There are few impediments to becoming a professional photographer. You don’t need to get a license or join a union or even take a test to make a living with a camera.
Forget about learning the business in any classroom. It can’t be taught that way.
The best way to get started is to be a lowly assistant to an established photographer. This modern day apprenticeship is what really works.
I was fortunate to learn the business by working for a successful photographer in Dallas. This fellow shared studio space with some other photographers who ran their operations quite differently. By that I mean not so well. Watching someone struggle in their business is often more educational than the opposite.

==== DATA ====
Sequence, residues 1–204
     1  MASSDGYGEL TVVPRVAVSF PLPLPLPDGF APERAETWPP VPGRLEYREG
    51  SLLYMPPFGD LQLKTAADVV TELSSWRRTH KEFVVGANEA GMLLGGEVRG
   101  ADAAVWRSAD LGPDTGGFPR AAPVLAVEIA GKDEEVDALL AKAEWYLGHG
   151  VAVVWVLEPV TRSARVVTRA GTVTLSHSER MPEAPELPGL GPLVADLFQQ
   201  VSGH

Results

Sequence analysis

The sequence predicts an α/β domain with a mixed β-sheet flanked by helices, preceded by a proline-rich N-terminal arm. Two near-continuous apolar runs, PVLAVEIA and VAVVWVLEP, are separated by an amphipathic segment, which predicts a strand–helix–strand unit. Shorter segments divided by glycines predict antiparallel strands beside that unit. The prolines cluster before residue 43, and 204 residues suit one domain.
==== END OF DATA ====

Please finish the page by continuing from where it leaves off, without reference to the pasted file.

One of the studio mates had an obsession with bringing everything he owned with him on his location gigs. A big cargo van was needed every time he went out. As he supervised his assistants, he could be heard justifying each additional item with the words, “just in case.” He spent more time wrangling and managing his inventory of unnecessary gear than he did taking pictures.
It was a powerful lesson for me.
The guy I worked for had no need for anything beyond the basics. That’s because he carried an unlimited supply of creativity and wisdom.
His resourcefulness reminds me of another guy that I photographed a while back. With just a few tools and a lifetime of experience, he makes things that stand the test of time.
About the author: I am Stephen Kennedy, an experienced photographer with more than 2500 completed sessions in all 50 US states.